The Chronicles of Healthcare Alternative Systems

Healthcare Alternative Systems

The COVID-19 pandemic gave the world a lot to think about. The world stopped in its tracks. Everything halted. People remained at home, trying to stay safe. While the world bunkered down, one sector was busier than ever. The healthcare sector did not have the option of stopping everything to process the pandemic. Humanity needed the healthcare sector to push itself to its limits, and it did. The COVID-19 pandemic showcased these limits for the world to see, and the need for healthcare alternative systems became a burning issue to tend to.

The Healthcare System Needs to Catch Up

Various sectors worldwide adopted the technological shift way earlier than the healthcare sector. Apps like Airbnb are vital players in the hotel and travel sector, revolutionized the world of ticket booking, and so forth. The healthcare sector, the industry that needs it the most, is left to play catch up. COVID-19 highlighted these shortcomings and proved the need for radical technological change and the adoption healthcare alternative systems. Here is an overview of the essential requirements.

The Patients Expectations

Firstly, technological leaps have rendered the world available at the press of a button. People have started to expect the same across all sectors. Patients are no different and expect the same from the healthcare institution. Patients are indulging more and are looking for ways to be more involved in their healthcare journey, thus predicting a more personalized and fluid healthcare experience.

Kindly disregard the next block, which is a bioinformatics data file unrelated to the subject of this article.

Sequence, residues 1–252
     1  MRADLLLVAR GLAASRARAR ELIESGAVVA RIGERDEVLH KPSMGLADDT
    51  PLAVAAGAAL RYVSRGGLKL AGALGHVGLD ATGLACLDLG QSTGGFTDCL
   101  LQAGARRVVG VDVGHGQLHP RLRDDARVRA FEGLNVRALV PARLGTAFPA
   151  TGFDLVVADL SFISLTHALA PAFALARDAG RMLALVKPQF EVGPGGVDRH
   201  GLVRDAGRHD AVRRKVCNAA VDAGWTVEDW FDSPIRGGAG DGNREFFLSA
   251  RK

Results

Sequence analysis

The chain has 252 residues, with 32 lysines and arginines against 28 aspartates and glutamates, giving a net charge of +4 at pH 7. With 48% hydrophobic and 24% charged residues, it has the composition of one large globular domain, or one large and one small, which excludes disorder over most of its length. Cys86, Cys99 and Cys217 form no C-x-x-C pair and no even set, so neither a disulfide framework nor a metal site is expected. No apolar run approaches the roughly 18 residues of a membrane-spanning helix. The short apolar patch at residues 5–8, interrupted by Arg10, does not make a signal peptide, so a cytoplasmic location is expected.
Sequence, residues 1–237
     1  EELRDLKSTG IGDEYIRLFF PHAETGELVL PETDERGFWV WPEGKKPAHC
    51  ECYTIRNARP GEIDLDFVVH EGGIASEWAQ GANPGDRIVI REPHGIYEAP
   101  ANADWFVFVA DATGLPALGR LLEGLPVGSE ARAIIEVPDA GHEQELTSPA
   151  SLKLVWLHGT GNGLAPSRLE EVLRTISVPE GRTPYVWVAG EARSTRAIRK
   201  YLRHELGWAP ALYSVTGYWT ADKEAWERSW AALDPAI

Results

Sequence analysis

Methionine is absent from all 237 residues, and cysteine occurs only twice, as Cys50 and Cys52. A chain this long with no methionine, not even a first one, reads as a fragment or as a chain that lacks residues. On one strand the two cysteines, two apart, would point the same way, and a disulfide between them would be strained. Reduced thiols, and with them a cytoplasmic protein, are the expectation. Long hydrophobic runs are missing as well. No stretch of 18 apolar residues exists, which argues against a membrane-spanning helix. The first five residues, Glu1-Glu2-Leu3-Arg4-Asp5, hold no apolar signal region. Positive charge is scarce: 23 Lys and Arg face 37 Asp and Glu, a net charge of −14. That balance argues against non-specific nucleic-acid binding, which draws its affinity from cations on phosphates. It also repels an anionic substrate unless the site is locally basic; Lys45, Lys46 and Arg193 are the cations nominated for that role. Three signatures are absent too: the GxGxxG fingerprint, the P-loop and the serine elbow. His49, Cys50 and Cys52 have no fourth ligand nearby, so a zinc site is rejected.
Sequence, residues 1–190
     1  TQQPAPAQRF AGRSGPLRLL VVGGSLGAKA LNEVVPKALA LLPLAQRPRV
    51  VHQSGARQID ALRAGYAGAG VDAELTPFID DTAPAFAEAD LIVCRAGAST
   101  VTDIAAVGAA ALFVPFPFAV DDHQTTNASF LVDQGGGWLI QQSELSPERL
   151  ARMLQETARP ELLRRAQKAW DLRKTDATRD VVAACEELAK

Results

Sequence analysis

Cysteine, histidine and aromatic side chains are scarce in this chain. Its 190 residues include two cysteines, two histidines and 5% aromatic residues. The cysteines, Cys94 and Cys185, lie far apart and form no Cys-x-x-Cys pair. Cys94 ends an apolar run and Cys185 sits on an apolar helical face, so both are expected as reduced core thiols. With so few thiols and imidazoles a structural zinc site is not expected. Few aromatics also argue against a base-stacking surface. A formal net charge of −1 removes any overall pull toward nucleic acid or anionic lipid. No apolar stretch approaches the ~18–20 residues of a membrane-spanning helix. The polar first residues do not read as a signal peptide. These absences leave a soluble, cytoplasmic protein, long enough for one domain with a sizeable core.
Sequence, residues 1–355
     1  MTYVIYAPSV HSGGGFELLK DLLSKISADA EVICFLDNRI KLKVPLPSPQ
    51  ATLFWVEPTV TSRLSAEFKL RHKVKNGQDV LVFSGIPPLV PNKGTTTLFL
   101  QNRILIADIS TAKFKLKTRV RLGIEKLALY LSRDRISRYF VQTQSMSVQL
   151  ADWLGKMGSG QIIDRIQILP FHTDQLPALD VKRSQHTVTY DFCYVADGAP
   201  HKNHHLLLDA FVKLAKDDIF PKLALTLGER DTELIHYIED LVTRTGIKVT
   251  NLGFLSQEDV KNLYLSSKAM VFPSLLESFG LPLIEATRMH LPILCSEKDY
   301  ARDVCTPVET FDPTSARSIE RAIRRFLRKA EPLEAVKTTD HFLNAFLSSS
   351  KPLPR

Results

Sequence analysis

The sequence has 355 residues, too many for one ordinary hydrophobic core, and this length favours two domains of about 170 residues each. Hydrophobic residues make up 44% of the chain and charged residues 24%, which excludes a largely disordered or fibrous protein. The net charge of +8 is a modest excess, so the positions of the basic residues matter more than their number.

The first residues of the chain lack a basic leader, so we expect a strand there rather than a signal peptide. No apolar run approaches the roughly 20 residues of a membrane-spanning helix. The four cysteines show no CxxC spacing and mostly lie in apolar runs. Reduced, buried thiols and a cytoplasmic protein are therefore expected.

The redpoint global survey 2019 showed that 75 percent of patients demand a more personalized healthcare experience. Such information proved that the patients needed and required changes before the pandemic hit. And after the pandemic, the expectation became even higher, as to the McKinsey virtual health survey 2021. The survey showed that 40 percent of patients prefer and will still use “Telehealth” going forward, and even 11 percent were early adopters before the pandemic. Patients’ dynamic needs and expectations are crucial to proving the need for alternative healthcare systems.

Chronic Diseases Spike

Another element that burdens the worldwide healthcare systems is the increase in chronic, lifestyle-related illnesses. According to the World Health Organization (WHO), more than 400 million people have diabetes, 500 million suffer from respiration-related diseases, and a whopping 1.1 billion adults worldwide suffer from hypertension. The inescapable truth is that these numbers will continue to soar due to aging and further patients falling victim to human decay. It is the cycle of life; by 2050, the population will have aged drastically, and the population aged 60 and older will be around 2 billion. It was 900 million just a couple of years ago, in 2015.